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Circadian pacemaker cells in the eyes of the opisthobranch mollusc Bulla gouldiana generate a near 24-h rhythm in the frequency of optic nerve impulses. Previous electrophysiological studies suggest that these basal retinal neurons are intrinsically photosensitive and transduce light signals that shift the phase of their pacemaker mechanism. To test whether the pacemaker neurons contain opsin-like proteins, several polyclonal antibodies that recognize opsins of vertebrate photoreceptors have been tested on histological sections of the eye and on the neurons in primary cell culture. The antibodies label both the pacemaker cells and the large distal photoreceptors that surround the lens. Immunoblot analyses of the proteins of the eye have identified a single band at 62+/-4 kDa. These opsin antibodies may label the photopigment used in the entrainment of the circadian pacemaker.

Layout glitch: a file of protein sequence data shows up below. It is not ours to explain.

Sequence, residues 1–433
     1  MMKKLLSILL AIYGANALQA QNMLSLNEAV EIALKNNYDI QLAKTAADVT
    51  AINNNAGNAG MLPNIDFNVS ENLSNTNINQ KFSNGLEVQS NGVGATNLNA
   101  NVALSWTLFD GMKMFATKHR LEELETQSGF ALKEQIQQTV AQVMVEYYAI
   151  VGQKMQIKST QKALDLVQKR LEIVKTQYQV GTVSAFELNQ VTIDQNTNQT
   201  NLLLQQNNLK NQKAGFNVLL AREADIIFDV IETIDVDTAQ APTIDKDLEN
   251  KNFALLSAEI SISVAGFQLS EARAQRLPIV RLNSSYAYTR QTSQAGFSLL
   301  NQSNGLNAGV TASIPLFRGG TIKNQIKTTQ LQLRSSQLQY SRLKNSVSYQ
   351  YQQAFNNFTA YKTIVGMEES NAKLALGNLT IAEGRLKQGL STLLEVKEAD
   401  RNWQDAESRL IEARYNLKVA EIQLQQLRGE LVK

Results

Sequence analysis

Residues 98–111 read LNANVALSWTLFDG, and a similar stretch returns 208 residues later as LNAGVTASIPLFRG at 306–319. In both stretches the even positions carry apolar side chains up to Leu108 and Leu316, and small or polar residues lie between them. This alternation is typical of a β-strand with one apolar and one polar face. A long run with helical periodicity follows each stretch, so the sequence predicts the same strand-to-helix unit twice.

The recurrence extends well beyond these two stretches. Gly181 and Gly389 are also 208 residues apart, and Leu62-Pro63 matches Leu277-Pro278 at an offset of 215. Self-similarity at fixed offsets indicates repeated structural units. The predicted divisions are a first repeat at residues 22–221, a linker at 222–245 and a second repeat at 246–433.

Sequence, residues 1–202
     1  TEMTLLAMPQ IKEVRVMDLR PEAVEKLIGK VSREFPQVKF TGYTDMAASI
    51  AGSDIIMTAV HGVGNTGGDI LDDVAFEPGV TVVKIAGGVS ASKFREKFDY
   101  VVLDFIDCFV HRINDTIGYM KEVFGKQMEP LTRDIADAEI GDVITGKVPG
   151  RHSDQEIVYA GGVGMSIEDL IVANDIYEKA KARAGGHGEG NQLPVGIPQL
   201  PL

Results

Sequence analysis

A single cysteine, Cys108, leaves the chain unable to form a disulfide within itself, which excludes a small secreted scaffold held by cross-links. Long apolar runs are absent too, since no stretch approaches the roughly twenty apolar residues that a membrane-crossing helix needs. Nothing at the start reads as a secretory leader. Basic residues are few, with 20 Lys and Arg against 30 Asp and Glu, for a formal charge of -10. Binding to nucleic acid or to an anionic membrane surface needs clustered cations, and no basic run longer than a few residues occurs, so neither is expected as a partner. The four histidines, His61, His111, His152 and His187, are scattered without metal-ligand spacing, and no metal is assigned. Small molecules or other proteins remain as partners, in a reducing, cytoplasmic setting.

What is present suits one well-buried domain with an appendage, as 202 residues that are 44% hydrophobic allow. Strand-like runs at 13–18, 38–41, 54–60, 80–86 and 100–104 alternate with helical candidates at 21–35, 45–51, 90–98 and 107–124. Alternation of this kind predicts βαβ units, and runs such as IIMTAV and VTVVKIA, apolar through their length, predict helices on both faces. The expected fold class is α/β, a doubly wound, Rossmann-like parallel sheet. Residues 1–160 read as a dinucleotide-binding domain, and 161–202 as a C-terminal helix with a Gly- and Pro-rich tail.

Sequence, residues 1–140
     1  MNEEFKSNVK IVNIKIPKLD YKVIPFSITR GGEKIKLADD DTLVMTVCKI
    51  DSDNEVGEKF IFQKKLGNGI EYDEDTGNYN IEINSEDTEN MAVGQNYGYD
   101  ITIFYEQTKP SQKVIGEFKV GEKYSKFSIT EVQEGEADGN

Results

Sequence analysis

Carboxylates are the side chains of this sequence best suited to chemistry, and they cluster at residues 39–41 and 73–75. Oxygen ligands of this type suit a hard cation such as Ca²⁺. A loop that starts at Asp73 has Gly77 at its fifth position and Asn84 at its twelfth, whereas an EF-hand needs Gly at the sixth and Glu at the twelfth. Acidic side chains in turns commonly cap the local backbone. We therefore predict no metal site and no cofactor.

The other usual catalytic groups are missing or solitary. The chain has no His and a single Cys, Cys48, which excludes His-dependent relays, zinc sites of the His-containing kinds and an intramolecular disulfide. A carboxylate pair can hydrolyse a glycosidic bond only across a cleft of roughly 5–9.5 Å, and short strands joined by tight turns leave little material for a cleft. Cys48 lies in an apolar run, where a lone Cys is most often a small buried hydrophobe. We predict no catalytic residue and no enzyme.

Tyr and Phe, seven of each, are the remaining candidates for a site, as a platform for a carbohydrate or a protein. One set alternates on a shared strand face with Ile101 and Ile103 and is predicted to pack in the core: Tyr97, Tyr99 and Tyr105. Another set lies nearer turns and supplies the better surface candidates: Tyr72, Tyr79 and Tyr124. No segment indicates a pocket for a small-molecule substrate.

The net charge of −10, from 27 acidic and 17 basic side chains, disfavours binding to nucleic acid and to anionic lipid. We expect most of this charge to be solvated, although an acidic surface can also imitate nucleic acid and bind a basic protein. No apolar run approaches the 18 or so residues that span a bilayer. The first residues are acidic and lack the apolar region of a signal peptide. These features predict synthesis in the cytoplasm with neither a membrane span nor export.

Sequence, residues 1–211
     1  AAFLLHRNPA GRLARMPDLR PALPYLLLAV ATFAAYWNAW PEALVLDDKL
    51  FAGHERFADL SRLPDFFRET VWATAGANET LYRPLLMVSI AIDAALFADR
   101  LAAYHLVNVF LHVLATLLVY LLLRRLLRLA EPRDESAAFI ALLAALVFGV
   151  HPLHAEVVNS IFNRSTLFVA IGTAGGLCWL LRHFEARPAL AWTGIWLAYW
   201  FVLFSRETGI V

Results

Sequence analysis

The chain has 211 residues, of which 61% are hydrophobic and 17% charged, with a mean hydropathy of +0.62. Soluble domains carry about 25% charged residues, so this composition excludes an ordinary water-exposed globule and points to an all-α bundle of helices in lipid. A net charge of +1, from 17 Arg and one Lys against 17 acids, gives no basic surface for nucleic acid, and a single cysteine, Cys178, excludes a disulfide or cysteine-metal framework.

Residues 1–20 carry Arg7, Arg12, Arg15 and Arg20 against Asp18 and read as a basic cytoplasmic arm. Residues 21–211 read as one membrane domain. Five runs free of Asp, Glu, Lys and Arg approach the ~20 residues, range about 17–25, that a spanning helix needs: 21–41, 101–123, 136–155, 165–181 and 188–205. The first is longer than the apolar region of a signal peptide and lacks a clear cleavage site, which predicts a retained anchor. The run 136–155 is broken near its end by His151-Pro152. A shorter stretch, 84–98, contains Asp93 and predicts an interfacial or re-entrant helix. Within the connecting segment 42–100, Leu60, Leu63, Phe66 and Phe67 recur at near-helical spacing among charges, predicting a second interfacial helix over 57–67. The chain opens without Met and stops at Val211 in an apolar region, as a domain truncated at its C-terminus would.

Journal article


Cell Tissue Res

Publication Date





203 - 210


Animals, Blotting, Western, Cattle, Cells, Cultured, Chickens, Circadian Rhythm, Fluorescent Antibody Technique, Indirect, Neurons, Photoreceptor Cells, Invertebrate, Retina, Rod Opsins, Snails